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The Global War on Stealth Underwear
Posted on Dec 30, 2009
There is no “war” against terrorism. What George W. Bush launched and Barack Obama insists on perpetuating does not qualify. Not if by war one means doing the obvious and checking a highly suspicious air traveler’s underwear to see if explosives have been sewn in. If Umar Farouk Abdulmutallab had put the stuff in his shoes we would have had him because that was tried before, but our government was too preoccupied with fighting unnecessary conventional wars and developing anti-missile defense systems to anticipate such a primitive delivery system.
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In response to the 9/11 hijackers, armed with artillery that cost a couple hundred dollars at most, we threw money and, more important, attention at conventional military responses while neglecting the difficult police work and the intelligence evaluation and civilian-focused technology necessary to thwart homeland attacks. Yes, there are evildoers out there that mean us harm, as President Bush declaimed. But they are often the products of the best of Western education who, as examples ranging from the lead 9/11 hijackers – the Hamburg group—to the elite University College London-educated engineer in the latest incident demonstrate, move more easily in urbane Western societies than in Afghan villages.
The technology that could help detect a sophisticated plane hijacker or suicide bomber has been largely botched in development and only halfheartedly deployed even when it is available. On Tuesday, a devastating report in The Washington Post revealed that the full-body scanning equipment hyped after 9/11, which might have detected the explosives involved in last week’s incident, is still not in wide use. As the Post stated, “A plan that would have helped focus the development of better screening technology and procedures—including a risk-based assessment of aviation threats—is almost two years overdue, according to a report this fall by the Government Accountability Office, the investigative arm of Congress.”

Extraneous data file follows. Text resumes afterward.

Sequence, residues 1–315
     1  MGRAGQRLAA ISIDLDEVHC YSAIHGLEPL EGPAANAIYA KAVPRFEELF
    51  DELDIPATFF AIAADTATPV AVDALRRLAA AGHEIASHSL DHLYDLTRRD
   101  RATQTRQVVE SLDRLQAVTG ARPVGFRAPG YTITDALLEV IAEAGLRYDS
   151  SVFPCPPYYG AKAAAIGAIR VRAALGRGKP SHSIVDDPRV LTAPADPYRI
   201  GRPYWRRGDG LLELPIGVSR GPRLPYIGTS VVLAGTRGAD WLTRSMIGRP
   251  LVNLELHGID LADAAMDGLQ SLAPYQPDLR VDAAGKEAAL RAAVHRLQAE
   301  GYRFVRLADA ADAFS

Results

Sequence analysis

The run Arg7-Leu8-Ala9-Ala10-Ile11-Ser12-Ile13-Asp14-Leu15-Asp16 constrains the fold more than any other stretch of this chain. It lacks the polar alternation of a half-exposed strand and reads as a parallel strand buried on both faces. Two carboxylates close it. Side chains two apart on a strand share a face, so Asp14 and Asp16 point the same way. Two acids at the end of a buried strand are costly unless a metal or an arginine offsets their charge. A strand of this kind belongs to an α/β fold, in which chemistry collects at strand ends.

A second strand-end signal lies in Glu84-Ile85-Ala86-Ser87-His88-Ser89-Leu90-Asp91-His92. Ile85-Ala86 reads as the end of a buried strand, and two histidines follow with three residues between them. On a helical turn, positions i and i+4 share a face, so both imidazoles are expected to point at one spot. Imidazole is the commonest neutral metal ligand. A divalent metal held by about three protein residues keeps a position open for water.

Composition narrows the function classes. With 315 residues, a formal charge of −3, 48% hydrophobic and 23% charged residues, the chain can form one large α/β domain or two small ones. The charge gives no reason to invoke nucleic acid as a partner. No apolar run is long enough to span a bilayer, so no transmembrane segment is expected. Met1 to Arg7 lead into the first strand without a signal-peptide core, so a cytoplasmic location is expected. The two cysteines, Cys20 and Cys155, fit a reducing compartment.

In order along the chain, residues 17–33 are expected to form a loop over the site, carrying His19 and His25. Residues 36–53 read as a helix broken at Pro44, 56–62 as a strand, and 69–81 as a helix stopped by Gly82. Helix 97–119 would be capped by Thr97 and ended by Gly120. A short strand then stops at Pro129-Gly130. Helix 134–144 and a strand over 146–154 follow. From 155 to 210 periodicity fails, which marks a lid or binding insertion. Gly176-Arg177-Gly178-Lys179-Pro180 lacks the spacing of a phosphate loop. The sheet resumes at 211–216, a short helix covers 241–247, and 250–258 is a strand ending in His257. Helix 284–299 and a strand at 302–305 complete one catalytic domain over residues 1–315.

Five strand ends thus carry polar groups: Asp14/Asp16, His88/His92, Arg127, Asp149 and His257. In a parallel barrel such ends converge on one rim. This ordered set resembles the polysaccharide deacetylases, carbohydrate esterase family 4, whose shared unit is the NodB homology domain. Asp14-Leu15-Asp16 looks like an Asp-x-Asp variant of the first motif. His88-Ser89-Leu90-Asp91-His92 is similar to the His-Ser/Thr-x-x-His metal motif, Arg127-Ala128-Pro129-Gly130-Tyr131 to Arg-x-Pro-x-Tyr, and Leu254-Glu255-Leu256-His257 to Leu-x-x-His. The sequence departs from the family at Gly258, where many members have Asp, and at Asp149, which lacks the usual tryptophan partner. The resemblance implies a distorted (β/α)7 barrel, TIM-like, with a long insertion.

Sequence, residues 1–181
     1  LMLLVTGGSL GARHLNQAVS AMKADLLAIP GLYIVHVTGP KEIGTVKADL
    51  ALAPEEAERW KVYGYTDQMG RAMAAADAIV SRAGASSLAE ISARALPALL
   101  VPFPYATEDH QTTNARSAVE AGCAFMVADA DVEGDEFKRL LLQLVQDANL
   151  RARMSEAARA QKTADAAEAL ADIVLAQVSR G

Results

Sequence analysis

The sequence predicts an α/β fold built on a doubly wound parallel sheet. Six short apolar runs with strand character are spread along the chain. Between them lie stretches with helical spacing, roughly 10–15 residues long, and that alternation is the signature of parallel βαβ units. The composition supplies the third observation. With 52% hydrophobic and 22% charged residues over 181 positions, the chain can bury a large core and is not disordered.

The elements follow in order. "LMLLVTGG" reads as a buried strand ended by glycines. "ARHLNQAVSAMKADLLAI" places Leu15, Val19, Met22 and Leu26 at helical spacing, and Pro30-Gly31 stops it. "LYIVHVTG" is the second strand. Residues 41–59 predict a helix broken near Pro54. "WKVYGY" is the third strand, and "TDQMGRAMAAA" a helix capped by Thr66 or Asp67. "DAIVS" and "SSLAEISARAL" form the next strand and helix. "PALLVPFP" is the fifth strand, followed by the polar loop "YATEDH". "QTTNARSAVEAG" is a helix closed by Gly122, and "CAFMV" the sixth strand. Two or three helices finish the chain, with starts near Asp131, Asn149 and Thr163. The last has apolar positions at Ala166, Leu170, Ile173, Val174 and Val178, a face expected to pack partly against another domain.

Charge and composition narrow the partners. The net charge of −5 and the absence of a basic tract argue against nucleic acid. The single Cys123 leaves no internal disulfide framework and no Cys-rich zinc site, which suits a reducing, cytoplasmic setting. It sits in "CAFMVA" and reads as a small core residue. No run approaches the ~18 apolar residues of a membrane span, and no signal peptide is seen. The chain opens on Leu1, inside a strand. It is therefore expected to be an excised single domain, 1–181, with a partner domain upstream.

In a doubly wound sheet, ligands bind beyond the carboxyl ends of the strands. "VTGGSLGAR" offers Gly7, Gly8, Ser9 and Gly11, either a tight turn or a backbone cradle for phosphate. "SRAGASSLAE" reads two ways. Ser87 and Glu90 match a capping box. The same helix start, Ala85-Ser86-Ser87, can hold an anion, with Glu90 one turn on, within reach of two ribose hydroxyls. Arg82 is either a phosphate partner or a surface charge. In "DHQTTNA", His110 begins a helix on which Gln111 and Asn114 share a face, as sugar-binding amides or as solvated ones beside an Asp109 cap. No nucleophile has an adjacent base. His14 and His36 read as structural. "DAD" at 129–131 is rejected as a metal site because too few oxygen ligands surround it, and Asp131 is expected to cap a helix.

So, screening equipment that can detect plastic explosives exists, but it was not used in this case and, as the GAO predicted, “TSA cannot ensure that it is targeting the highest priority security needs at checkpoints; measure the extent to which deployed technologies reduce the risk of terrorist attacks; or make needed adjustments to its PSP [Passenger Screening Program] strategy.” As a result, the GAO concluded: “TSA lacks assurance that its investments in screening technologies address the highest priority security needs at airport passenger checkpoints.”
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Rather, they are rootless cosmopolitans of violence, alienated from any stated homeland and free to move easily about the world, armed in almost every instance with valid passports, visas and money to exploit our inability to seriously evaluate our own intelligence data. They can count on our top government officials ignoring blinking red warnings, as the Bush White House did before 9/11, or the alarm of a well-connected and properly concerned Nigerian banker-father.
Preventing terrorist attacks on the U.S. homeland has nothing to do with occupying vast tracts of land or winning the hearts and minds of backward villagers whom we falsely depict as surrogates of an evil empire, as we did in Vietnam and are now doing in Afghanistan. What is needed is smart police work to catch these highly mobile fanatics, and that begins with actually reading and then acting on the readily available intelligence data. It requires detectives with brains and not generals with firepower.
The ballooning of the defense budget after 9/11 has proved a great boondoggle for the military-industrial complex, which suddenly found an excuse to build weapons and deploy conventional forces against a superpower enemy that no longer exists. But our stealth fighters and bombers designed to defeat Soviet defenses that were never built are a poor match against a terrorist’s stealth underwear.
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